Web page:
Caught in the act yet not guilty 

Homeless man on 60-day fast claims fear of death prompted Whistler break-in

There’s something in Canadian law known as the Perka Precedent, which acknowledges that people are allowed to take extraordinary steps, even break laws, if they feel their lives are in danger. For example, someone freezing to death in the woods may break into a cabin if they believe their life depends on it.

The same precedent was applied to a December 2002 Whistler break-in, the circumstances of which are unusual to say the least.

The accused in the case, a homeless man by the name of Jim Nelson, was acquitted in early August by Provincial Court Judge Douglas Moss on the basis of necessity, though the judge himself used words like "bizarre", "disjointed" and "unrealistic" to describe Nelson’s chain of reasoning.

Nelson was found asleep on the floor of a Nicklaus North condo by the owner, surrounded by vomit and feces. The Christmas presents had all been opened and he had raided the refrigerator and used the stove to cook food.

How he got there was the strangest part of the tale. According to court papers, Nelson moved to Whistler in 1990 and held a variety of jobs. In 2002 he decided to move into the forest and live in a tent, and fast for an extended period of time.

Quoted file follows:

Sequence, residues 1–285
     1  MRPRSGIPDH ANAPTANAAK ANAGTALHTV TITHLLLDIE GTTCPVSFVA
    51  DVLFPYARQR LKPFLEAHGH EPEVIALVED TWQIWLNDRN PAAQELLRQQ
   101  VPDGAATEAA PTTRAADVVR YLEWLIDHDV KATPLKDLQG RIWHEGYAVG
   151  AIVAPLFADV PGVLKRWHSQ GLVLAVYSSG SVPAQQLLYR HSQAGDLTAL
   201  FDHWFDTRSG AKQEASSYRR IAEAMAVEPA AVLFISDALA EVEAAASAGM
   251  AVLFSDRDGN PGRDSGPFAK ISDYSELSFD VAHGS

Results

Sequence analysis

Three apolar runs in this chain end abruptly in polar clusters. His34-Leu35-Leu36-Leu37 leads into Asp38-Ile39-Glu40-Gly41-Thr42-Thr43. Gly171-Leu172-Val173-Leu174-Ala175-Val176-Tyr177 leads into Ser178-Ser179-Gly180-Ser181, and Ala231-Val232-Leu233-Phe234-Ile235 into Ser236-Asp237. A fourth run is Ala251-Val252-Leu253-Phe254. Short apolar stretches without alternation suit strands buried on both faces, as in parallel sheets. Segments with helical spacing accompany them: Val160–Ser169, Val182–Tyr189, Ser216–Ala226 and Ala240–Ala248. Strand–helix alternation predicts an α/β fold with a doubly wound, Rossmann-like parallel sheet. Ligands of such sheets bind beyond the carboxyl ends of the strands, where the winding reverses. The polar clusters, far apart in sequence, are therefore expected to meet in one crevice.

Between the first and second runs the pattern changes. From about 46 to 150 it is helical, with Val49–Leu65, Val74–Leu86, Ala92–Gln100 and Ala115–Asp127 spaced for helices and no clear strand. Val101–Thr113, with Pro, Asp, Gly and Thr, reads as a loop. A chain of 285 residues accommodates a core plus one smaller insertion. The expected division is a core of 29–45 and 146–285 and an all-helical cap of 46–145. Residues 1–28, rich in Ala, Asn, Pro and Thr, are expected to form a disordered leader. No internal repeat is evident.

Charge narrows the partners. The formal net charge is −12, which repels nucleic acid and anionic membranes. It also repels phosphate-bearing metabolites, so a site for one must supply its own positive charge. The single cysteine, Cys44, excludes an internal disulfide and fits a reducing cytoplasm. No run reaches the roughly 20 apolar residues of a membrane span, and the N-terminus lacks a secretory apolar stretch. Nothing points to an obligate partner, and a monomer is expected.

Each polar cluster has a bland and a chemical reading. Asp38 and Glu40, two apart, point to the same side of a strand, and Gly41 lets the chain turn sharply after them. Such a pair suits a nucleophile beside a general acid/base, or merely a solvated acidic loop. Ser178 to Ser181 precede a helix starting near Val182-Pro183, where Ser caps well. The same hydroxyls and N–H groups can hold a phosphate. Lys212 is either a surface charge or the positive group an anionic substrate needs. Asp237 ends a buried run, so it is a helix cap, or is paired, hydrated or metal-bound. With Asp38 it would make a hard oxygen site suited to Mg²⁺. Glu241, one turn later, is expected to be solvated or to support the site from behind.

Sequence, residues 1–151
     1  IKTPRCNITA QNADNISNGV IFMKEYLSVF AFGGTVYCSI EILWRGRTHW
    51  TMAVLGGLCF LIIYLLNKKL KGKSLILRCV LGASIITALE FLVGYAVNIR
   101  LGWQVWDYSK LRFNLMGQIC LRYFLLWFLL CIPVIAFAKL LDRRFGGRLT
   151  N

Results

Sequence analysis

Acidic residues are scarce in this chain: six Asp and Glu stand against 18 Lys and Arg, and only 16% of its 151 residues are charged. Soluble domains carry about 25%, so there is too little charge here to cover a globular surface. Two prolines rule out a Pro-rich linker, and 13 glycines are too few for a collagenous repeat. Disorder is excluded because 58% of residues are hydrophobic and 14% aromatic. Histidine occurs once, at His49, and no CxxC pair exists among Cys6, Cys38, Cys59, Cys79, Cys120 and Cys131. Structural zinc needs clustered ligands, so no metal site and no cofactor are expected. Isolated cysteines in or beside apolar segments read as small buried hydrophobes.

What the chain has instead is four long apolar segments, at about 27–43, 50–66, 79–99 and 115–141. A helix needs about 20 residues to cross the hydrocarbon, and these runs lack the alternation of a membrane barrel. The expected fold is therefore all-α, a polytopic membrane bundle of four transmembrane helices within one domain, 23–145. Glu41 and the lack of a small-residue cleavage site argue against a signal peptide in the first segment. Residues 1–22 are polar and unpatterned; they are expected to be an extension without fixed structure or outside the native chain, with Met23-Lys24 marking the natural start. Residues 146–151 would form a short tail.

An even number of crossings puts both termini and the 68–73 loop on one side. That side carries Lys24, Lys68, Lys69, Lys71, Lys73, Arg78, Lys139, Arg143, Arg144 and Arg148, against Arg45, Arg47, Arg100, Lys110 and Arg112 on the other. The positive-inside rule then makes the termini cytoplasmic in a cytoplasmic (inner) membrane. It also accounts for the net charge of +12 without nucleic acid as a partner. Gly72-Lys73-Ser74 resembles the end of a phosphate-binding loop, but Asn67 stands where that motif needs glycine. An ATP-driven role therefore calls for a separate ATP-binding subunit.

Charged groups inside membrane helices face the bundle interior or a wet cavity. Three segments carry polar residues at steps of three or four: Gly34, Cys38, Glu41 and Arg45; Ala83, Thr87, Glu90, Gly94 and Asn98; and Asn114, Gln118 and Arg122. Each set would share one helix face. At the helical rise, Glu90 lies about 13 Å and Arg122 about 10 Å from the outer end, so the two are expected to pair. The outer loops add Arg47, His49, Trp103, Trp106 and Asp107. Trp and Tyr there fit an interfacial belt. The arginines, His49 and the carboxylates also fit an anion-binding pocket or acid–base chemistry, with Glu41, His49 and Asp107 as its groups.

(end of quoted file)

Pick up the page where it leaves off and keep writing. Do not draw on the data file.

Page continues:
"He said he did this after having fasted for 60 days, give or take a day. He says he was trying to attain some form of spiritual perfection," wrote Judge Moss.

Nelson’s hunger took over on Dec. 18, when he returned to the village looking for food. He planned to get it from garbage cans, but found himself in Nicklaus North, where he used a rock to gain entry to a condo. Once inside he went on a binge, and ate chilli, cream cheese, and tortillas, and made himself some tea. He also tore open the Christmas presents, reportedly looking for chocolate, turned on the television, and covered up the broken window to keep out the cold.

Although the Judge was skeptical about a few points of Nelson’s story – that it was a coincidence the one home he chose was empty, and that he didn’t think to call 9-1-1 or seek other assistance – he said there was evidence that the man, now 49, was not in a proper mental state to make reasoned decisions and could see his own actions as necessary.

Given Nelson’s story, and a photograph taken by the police officer, Judge Moss made the decision not to convict for breaking and entering – although he did consider pursuing a mischief charge. "Your actions were disgusting and foul," wrote the judge. "Certainly so far as the homeowner is concerned, but that kind of action in and of itself presents to me clear evidence that your mind was extremely troubled and that you should not be found guilty."


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